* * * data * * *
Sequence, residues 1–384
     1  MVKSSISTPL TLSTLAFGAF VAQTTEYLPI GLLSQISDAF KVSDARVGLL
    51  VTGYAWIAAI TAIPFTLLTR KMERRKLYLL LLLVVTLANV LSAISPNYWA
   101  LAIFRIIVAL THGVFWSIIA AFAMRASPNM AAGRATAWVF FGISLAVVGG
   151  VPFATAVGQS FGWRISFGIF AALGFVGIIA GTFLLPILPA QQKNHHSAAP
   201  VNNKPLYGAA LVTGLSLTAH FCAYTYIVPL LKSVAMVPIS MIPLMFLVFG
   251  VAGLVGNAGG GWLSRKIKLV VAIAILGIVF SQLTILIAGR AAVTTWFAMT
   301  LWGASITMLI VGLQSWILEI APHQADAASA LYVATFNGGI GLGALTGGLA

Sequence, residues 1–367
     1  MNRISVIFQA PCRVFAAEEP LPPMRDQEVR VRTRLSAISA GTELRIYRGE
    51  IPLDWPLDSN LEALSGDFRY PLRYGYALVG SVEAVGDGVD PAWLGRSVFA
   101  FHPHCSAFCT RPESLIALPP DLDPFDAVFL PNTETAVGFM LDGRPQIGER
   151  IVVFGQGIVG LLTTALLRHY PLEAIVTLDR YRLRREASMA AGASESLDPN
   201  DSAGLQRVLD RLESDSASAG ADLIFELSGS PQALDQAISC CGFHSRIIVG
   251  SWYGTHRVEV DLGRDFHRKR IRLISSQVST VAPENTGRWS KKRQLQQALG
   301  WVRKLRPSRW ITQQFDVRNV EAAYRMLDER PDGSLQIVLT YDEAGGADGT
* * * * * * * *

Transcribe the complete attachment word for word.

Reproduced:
Sequence, residues 1–384
     1  MVKSSISTPL TLSTLAFGAF VAQTTEYLPI GLLSQISDAF KVSDARVGLL
    51  VTGYAWIAAI TAIPFTLLTR KMERRKLYLL LLLVVTLANV LSAISPNYWA
   101  LAIFRIIVAL THGVFWSIIA AFAMRASPNM AAGRATAWVF FGISLAVVGG
   151  VPFATAVGQS FGWRISFGIF AALGFVGIIA GTFLLPILPA QQKNHHSAAP
   201  VNNKPLYGAA LVTGLSLTAH FCAYTYIVPL LKSVAMVPIS MIPLMFLVFG
   251  VAGLVGNAGG GWLSRKIKLV VAIAILGIVF SQLTILIAGR AAVTTWFAMT
   301  LWGASITMLI VGLQSWILEI APHQADAASA LYVATFNGGI GLGALTGGLA

Sequence, residues 1–367
     1  MNRISVIFQA PCRVFAAEEP LPPMRDQEVR VRTRLSAISA GTELRIYRGE
    51  IPLDWPLDSN LEALSGDFRY PLRYGYALVG SVEAVGDGVD PAWLGRSVFA
   101  FHPHCSAFCT RPESLIALPP DLDPFDAVFL PNTETAVGFM LDGRPQIGER
   151  IVVFGQGIVG LLTTALLRHY PLEAIVTLDR YRLRREASMA AGASESLDPN
   201  DSAGLQRVLD RLESDSASAG ADLIFELSGS PQALDQAISC CGFHSRIIVG
   251  SWYGTHRVEV DLGRDFHRKR IRLISSQVST VAPENTGRWS KKRQLQQALG
   301  WVRKLRPSRW ITQQFDVRNV EAAYRMLDER PDGSLQIVLT YDEAGGADGT